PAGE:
We show that the mass of ionized gas in the broad-line regions (BLRs) of luminous quasars is at least several hundred M, and probably of the order of 103-104 Msolar. BLR mass estimates in several existing textbooks suggest lower values but pertain to much less luminous Seyfert galaxies or include only a small fraction of the ionized/emitting volume of the BLR. The previous estimates also fail to include the large amounts of BLR gas that emit at low efficiency (in a given line) but that must be present based on reverberation and other studies. Very highly ionized gas as well as partially ionized and neutral gas lying behind the ionization zones are likely additional sources of mass within the BLR. The high masses found here imply that the chemical enrichment of the BLR cannot be controlled by mass ejection from one or a few stars. A significant stellar population in the host galaxies must be contributing. Simple scaling arguments based on normal galactic chemical enrichment and solar or higher BLR metallicities show that the minimum mass of the enriching stellar population is of the order of 10 times the BLR mass, or more than 104-105 M. More realistic models of the chemical and dynamical evolution in galactic nuclei suggest that much larger, bulge-size stellar populations are involved.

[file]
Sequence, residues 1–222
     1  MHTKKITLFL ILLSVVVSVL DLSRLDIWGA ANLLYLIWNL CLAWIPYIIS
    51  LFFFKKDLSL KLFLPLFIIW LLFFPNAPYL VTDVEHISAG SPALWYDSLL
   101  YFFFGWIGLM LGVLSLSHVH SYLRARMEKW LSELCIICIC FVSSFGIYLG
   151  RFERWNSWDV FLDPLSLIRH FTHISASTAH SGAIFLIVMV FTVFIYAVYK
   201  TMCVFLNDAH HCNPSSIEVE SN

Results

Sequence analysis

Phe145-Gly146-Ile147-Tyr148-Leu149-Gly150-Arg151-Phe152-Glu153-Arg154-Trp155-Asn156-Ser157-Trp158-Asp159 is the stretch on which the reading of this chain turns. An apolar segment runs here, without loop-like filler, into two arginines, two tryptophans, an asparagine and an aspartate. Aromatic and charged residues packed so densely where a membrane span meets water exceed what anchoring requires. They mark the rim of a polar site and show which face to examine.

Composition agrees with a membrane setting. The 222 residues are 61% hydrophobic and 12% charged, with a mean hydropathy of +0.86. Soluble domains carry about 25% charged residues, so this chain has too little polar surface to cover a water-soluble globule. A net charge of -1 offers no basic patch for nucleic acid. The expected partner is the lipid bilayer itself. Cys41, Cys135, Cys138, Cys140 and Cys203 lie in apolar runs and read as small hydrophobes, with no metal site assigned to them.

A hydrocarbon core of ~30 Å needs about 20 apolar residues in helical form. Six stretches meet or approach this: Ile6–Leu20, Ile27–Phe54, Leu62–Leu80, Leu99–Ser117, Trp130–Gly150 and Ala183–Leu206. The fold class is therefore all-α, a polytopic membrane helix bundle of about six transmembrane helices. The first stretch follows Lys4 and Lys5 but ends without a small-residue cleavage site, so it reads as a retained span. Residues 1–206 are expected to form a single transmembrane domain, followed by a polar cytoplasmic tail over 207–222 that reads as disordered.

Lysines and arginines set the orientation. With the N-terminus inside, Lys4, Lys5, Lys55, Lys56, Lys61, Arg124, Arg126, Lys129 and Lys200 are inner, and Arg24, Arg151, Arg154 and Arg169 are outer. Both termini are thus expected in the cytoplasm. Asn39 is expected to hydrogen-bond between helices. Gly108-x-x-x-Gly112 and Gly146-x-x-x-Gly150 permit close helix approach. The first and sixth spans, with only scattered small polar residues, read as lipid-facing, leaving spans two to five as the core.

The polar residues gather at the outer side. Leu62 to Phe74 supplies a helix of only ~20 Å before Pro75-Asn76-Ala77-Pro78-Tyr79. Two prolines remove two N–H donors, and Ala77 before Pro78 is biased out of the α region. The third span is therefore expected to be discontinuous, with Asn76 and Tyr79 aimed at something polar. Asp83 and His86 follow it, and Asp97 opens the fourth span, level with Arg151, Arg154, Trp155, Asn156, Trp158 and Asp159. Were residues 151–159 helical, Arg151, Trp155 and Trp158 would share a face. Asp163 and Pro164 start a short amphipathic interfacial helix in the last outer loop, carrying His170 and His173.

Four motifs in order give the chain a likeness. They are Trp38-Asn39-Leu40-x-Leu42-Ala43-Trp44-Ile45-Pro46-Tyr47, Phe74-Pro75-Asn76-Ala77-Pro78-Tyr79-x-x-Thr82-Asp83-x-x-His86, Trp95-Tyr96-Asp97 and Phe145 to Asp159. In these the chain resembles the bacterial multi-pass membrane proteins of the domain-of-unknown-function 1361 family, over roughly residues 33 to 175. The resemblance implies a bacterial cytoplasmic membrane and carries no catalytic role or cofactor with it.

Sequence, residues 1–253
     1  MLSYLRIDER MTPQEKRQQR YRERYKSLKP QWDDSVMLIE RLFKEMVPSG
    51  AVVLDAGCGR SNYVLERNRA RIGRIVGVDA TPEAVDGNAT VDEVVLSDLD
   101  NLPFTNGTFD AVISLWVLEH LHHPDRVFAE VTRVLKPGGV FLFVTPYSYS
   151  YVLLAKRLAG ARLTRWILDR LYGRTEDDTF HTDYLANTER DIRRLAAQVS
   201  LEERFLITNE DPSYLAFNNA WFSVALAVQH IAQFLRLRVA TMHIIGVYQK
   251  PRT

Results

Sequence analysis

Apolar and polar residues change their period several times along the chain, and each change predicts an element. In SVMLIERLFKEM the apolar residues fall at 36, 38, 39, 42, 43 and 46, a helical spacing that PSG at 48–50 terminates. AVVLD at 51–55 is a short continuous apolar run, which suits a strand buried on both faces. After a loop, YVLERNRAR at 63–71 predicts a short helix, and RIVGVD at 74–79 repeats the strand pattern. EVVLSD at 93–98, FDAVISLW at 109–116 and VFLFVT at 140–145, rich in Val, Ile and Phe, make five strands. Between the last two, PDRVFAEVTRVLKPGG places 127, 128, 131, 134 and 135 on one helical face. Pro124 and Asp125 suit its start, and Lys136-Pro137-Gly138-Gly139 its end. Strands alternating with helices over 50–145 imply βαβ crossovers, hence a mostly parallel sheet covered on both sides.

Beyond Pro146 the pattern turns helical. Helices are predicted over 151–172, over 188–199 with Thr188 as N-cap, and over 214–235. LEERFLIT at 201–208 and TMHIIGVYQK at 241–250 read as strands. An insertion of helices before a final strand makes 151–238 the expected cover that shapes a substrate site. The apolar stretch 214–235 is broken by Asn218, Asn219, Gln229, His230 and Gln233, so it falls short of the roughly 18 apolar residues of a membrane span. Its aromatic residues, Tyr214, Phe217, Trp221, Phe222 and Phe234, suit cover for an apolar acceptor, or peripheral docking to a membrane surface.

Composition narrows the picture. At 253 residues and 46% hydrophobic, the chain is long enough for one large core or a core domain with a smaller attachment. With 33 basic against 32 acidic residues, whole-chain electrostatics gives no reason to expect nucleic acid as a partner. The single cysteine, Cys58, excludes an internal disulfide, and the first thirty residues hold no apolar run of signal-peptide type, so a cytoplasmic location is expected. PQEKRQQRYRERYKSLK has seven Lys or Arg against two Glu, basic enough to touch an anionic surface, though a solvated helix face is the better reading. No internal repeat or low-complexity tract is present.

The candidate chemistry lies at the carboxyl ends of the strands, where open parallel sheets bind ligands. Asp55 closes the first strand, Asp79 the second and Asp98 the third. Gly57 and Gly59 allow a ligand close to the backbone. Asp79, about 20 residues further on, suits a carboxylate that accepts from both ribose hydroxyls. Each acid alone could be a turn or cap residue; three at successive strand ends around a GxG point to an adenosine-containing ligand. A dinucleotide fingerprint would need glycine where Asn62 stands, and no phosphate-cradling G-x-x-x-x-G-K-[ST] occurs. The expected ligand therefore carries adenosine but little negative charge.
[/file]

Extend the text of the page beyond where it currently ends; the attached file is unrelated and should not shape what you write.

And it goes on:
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Published in The Astrophysical Journal, v. 582, no. 2, p. 590-595.

© 2003. The American Astronomical Society. All rights reserved. Printed in the U.S.A.

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